Thursday, July 14, 2016
Review: THE CHARLEMAGNE CONNECTION
Reviewed by Craig Sisterson
The second in the Commander Truchaud series finds the diffident policeman unravelling yet another mystery in the little Burgundy village of Nuits-Saint-Georges.
A young German tourist seems to have gone missing. But what at first appears quite a straightforward affair soon turns dark when a decomposing body is found in the woods. Another episode of murder, mayhem, violence and villainy in the orderly vineyards of Burgundy.
There's a lovely leisurely pace to retired doctor RM Cartmel's sophomore mystery novel, which fascinates more with its sumptuous setting and engaging characters than any helter-skelter plotline or knuckle-whitening action sequences.
Commander Truchaud of the French National Police is facing some lingering after-effects of events in THE RICHEBOURG AFFAIR, along with the worsening health of his elderly father, and this sequel plays off that recent past, as well as other historic events which become entwined in the lives of the characters. Thus, it's more a 'work out what has already happened' mystery akin to books from the Golden Age, rather than a modern crime thriller full of ongoing and future threat.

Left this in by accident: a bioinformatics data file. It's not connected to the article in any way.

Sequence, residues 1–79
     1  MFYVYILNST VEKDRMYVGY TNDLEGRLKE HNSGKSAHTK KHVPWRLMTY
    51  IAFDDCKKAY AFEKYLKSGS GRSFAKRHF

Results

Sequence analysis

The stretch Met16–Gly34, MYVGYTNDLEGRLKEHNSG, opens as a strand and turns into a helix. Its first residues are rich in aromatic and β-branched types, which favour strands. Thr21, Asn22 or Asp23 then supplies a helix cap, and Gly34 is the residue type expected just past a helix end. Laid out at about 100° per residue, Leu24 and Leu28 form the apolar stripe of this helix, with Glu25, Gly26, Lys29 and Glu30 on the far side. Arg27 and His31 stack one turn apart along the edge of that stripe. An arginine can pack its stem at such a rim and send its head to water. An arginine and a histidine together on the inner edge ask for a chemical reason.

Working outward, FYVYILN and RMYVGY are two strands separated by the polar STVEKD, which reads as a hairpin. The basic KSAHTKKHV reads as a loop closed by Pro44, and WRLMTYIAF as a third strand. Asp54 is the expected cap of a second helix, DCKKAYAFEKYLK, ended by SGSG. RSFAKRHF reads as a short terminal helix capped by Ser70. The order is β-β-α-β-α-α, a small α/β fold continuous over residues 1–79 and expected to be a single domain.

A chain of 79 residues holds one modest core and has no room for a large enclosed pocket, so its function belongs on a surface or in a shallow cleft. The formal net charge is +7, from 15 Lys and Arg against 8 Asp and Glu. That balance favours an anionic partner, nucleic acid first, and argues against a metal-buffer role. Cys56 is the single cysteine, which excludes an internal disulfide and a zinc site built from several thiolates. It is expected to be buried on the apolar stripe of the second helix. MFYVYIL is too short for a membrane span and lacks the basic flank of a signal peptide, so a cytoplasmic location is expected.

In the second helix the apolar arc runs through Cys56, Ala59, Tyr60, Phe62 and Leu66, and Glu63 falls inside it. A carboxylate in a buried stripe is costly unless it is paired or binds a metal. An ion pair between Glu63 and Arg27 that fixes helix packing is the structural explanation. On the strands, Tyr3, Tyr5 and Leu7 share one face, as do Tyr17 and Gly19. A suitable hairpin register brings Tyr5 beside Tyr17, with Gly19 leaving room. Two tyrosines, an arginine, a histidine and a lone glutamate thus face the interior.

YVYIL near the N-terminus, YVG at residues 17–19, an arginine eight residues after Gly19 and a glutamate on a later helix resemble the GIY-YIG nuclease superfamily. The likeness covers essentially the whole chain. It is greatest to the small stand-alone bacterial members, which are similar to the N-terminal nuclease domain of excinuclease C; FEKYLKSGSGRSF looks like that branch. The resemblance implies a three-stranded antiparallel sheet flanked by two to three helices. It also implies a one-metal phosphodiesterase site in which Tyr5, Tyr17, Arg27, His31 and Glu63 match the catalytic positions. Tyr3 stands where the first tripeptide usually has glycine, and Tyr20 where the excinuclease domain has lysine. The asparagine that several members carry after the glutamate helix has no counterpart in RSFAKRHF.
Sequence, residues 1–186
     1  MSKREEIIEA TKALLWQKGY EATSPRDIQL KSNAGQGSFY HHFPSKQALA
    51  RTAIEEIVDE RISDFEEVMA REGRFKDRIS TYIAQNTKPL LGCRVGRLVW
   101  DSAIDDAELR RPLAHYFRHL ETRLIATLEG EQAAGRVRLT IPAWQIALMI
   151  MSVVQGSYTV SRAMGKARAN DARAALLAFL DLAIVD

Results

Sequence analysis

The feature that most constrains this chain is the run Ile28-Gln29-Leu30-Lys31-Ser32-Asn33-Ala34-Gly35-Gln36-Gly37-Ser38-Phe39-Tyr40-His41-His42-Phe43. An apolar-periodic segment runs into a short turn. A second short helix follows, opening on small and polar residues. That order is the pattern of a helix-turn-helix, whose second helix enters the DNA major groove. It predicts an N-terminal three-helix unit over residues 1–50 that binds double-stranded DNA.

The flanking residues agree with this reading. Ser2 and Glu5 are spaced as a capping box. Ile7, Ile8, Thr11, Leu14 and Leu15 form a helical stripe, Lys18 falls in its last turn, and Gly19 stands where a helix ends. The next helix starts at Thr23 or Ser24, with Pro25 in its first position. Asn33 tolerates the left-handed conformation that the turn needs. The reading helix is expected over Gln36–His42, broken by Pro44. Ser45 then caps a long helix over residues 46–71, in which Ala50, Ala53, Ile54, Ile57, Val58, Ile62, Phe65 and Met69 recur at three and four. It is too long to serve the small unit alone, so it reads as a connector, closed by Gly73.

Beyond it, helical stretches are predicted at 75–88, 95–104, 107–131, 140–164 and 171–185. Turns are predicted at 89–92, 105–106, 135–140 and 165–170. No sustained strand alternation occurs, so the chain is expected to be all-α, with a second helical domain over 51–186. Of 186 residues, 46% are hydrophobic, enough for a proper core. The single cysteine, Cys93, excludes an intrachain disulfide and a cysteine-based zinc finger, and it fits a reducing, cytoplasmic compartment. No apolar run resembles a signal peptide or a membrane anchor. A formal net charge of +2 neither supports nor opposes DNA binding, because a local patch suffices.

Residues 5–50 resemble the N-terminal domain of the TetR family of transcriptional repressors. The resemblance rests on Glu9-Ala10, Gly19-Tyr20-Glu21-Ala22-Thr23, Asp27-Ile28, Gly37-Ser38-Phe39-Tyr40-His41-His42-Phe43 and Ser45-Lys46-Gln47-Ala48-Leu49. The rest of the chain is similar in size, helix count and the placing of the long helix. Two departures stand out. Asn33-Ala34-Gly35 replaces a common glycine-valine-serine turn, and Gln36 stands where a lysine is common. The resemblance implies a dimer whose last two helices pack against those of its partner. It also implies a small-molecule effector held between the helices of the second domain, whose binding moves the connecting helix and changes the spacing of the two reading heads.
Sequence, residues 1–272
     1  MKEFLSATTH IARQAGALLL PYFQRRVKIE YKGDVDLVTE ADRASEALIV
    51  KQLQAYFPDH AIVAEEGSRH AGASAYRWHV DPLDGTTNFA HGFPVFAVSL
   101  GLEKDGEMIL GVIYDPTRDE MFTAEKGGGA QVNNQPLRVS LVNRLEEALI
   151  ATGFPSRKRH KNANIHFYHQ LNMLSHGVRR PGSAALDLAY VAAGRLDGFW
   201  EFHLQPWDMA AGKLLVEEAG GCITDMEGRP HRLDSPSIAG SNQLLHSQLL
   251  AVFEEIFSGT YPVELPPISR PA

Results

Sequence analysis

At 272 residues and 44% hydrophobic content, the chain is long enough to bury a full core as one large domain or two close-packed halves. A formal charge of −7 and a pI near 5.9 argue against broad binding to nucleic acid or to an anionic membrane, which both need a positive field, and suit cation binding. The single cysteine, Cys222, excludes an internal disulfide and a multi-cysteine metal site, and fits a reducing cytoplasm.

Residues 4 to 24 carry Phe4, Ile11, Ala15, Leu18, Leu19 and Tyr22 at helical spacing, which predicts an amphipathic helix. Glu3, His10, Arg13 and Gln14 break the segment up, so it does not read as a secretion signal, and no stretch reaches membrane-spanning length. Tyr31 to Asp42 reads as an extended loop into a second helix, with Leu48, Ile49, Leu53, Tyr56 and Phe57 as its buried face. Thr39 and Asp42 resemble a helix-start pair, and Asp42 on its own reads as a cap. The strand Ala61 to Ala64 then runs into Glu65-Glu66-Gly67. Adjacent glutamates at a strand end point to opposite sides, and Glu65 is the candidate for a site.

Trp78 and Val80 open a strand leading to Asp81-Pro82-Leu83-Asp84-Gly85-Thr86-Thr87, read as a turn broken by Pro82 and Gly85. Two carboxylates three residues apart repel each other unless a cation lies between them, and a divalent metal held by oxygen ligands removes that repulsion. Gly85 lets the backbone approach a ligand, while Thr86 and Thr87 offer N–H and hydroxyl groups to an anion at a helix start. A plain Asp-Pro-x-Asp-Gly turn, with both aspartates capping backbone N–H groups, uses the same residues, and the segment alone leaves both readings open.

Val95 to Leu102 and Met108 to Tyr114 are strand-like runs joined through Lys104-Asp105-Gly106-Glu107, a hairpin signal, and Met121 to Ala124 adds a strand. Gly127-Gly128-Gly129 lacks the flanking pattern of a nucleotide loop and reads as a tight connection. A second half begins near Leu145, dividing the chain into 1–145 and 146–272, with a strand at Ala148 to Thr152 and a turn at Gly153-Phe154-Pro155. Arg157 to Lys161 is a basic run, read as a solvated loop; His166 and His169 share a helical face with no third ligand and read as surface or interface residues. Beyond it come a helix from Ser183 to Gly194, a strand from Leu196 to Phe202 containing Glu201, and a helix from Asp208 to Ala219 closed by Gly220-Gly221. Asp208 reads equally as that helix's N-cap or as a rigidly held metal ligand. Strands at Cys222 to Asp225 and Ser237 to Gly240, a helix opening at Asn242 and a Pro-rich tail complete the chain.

While Cartmel turns the volume down to a low hum crime-wise, where his story is really something to savour is in his evocation of French rural life and the characters that populate his fictional world. He really brings Burgundy to life, and Commander Truchaud - the somewhat straitlaced black sheep of his wine-making family - and his various colleagues, family, and acquaintances, are a fun group to share the journey with. In a way it's the Burgundy wine area equivalent of a classic British village mystery, or an episode of Midsomer Murders or Murder, She Wrote, while being more about the engaging characters and their relationships and a strong sense of place than a complex mystery. You could say Cartmel leans more Ngaio Marsh than Agatha Christie, so to speak.
Overall, I found THE CHARLEMAGNE CONNECTION to be an enjoyable stroll through a pleasant part of the world, alongside some engaging companions. I'd return.
Craig Sisterson writes features for leading publications in several countries. He has interviewed more than 150 crime writers, discussed the genre at arts and literary festivals and on national radio, and is a judge of the Ned Kelly Awards and the Judging Convenor of the Ngaio Marsh Awards. You can follow him on Twitter: @craigsisterson